11:10 AM: Amy Cole and I were guests of radio host Dale Johnson for the hour-long "Lincoln Live" on KFOR which is fast becoming Nebraska’s Preservation News Leader. (Note to self: Give them a preservation award next year.)

We talked about the IAB, the rest of the 11 Most list and Heritage Nebraska's upcoming Hidden Treasures/Fading Places List that we will release in the morning (oops, I broke my own embargo) in beautiful downtown Scribner (pop. 971). It was a great show and we got a lot of information out there. Public education, check.

11:27 AM: Diane Walkowiak shares an e-mail showing a dramatic spike in www.savetheIAB.com website traffic.

12:45 PM: 29-minute telephone interview with Lincoln Journal Star reporter Joe Duggan who apologized profusely for missing the news availability. We shared a laugh and a promise that Joe would follow up on our Fading Places/Hidden Treasures list on those slow news days – that is, the time between the Legislature adjourning for the year and the next season of Husker football starting.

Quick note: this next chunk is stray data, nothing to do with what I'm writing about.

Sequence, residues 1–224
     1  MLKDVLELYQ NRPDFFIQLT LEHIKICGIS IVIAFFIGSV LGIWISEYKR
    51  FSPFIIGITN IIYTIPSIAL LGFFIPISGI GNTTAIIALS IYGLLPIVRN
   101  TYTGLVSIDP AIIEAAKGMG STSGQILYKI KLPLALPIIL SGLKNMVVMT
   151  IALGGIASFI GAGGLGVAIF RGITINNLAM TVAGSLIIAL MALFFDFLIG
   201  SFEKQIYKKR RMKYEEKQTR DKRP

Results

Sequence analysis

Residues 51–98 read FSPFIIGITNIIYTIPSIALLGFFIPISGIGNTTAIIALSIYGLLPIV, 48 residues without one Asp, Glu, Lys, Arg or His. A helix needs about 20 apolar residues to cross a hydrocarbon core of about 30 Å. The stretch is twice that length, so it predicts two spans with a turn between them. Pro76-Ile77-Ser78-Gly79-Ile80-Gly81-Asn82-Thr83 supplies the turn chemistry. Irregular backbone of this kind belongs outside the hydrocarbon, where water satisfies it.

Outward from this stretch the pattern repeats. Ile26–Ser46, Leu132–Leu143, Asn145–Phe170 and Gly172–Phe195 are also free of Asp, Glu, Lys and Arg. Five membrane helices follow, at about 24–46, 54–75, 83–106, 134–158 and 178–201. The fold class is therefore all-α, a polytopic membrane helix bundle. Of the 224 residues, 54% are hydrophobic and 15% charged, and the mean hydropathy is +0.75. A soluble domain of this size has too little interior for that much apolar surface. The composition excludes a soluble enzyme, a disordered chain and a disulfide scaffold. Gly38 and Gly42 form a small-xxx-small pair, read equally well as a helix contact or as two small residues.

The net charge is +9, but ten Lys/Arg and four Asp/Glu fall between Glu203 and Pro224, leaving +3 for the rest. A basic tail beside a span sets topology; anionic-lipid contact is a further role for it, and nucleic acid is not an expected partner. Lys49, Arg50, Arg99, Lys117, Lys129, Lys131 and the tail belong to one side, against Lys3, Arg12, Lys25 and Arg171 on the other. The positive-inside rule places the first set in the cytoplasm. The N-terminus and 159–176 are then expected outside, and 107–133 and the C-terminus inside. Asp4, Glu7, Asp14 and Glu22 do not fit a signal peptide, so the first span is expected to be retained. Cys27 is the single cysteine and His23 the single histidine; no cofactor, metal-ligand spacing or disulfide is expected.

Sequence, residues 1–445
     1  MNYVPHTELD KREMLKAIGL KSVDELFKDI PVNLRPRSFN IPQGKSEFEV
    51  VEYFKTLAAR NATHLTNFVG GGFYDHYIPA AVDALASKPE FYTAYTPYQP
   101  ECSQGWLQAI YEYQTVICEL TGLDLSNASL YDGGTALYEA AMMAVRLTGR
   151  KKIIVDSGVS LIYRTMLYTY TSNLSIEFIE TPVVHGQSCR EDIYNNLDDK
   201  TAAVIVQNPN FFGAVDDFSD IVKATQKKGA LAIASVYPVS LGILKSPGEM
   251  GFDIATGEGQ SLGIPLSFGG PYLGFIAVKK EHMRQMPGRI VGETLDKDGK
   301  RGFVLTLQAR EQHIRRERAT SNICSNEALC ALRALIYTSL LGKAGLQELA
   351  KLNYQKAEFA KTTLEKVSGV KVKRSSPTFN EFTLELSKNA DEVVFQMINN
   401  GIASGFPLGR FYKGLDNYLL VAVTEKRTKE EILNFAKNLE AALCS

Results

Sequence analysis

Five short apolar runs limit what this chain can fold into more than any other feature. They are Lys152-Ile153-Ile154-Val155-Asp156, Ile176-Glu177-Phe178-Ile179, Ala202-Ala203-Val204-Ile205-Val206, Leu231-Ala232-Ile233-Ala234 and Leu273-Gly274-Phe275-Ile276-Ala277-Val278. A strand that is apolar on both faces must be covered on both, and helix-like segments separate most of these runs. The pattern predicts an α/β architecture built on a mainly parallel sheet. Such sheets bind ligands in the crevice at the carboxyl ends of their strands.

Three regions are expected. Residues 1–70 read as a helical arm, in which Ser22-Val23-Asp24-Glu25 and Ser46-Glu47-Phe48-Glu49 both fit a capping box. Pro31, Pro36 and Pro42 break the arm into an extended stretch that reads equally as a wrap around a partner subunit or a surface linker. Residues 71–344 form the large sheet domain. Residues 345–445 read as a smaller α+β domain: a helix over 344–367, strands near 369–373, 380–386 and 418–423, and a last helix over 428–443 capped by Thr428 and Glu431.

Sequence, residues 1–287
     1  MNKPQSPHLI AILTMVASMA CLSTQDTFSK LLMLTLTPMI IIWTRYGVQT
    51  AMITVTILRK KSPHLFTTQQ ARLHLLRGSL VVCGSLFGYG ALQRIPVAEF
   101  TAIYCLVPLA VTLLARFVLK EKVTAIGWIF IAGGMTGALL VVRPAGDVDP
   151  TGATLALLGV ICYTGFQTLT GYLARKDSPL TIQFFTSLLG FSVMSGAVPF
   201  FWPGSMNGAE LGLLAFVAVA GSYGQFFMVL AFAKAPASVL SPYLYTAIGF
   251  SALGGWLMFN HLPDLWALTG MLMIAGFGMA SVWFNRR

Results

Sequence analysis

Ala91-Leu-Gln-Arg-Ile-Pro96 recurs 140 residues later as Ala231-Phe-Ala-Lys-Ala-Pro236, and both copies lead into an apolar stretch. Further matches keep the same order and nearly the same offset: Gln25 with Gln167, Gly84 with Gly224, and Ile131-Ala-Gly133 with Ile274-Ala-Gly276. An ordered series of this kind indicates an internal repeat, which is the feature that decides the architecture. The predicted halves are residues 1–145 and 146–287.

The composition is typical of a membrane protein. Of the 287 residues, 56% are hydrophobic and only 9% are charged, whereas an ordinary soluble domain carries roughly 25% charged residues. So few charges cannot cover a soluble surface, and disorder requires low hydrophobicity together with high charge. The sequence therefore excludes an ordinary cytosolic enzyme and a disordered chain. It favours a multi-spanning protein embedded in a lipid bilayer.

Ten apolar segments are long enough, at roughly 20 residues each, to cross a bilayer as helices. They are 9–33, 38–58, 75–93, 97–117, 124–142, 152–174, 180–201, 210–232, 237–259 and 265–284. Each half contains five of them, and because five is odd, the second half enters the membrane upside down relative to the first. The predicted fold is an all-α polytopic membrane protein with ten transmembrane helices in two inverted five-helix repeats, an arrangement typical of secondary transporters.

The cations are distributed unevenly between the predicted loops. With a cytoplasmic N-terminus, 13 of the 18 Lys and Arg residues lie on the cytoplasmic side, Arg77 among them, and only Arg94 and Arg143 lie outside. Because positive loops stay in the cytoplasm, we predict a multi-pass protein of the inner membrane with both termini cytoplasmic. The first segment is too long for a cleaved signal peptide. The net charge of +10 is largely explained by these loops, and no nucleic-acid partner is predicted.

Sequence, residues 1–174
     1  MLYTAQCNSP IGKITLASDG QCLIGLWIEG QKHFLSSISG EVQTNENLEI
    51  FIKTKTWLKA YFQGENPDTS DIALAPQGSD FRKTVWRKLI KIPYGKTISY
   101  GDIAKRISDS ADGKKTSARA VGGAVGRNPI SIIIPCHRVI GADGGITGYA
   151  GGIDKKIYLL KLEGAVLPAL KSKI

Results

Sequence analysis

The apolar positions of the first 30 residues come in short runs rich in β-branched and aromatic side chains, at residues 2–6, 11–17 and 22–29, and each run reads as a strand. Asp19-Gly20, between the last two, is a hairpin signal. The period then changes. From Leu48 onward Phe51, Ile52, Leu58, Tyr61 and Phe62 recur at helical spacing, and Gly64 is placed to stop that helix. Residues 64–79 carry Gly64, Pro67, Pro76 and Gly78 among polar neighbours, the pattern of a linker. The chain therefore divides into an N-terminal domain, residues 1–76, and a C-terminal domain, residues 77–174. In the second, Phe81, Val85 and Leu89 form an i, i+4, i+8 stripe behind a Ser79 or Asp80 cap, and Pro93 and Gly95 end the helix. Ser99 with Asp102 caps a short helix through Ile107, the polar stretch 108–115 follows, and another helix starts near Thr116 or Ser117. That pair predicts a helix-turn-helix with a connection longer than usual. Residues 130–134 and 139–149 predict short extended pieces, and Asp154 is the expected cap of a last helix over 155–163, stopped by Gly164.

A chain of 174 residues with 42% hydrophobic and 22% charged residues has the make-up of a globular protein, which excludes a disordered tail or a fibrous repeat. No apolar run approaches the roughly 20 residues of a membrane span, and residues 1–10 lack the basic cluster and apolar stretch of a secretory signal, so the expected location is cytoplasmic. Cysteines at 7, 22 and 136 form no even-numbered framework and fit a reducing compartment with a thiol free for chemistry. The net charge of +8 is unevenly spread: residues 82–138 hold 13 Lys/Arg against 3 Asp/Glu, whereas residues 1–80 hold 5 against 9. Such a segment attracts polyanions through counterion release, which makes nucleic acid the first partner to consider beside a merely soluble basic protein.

2:40 PM: Amy Cole calls me from the home of a woman who is a potential donor asking me if I have touched base with the Lincoln newspaper reporter and saying that she will return the call to him as soon as it is convenient.

3:30 PM: Yikes, it's been a few minutes and my phone has stopped ringing. My wife tells me on G-talk that the cat is resting comfortably and I am trying to get things ready for the rest of the week which will be spent on the road.

5:00 PM, 6:00PM, 10:00 PM: Video clips from the news event appear on both local TV stations. E-mail and Facebook notes pouring in from friends and supporters of the efforts to save the building.

11:00 PM: Cats appear to be sleeping soundly. So will I.

3:00 AM: The Lincoln newspaper hits the front porch. Story still “good” enough to warrant front page exposure. I catch a couple more hours sleep before heading out on the road for our Hidden/Fading announcement in an historic downtown commercial district this morning; followed by training tonight for Main Street managers and, separately, board members and an all-day joint Main Street/Preservation training the next day capped by an annual awards banquet.

Yes, this is quite an honor, but the work doesn’t allow us time to rest on our laurels.

Learn more:

J.L. Schmidt is the executive director of Heritage Nebraska.